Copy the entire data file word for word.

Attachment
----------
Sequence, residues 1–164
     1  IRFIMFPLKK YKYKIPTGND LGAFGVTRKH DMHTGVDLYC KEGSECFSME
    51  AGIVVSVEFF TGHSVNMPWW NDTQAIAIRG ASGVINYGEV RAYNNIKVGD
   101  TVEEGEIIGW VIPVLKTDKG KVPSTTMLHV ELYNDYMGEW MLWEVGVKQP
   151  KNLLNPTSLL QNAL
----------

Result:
Sequence, residues 1–164
     1  IRFIMFPLKK YKYKIPTGND LGAFGVTRKH DMHTGVDLYC KEGSECFSME
    51  AGIVVSVEFF TGHSVNMPWW NDTQAIAIRG ASGVINYGEV RAYNNIKVGD
   101  TVEEGEIIGW VIPVLKTDKG KVPSTTMLHV ELYNDYMGEW MLWEVGVKQP
   151  KNLLNPTSLL QNAL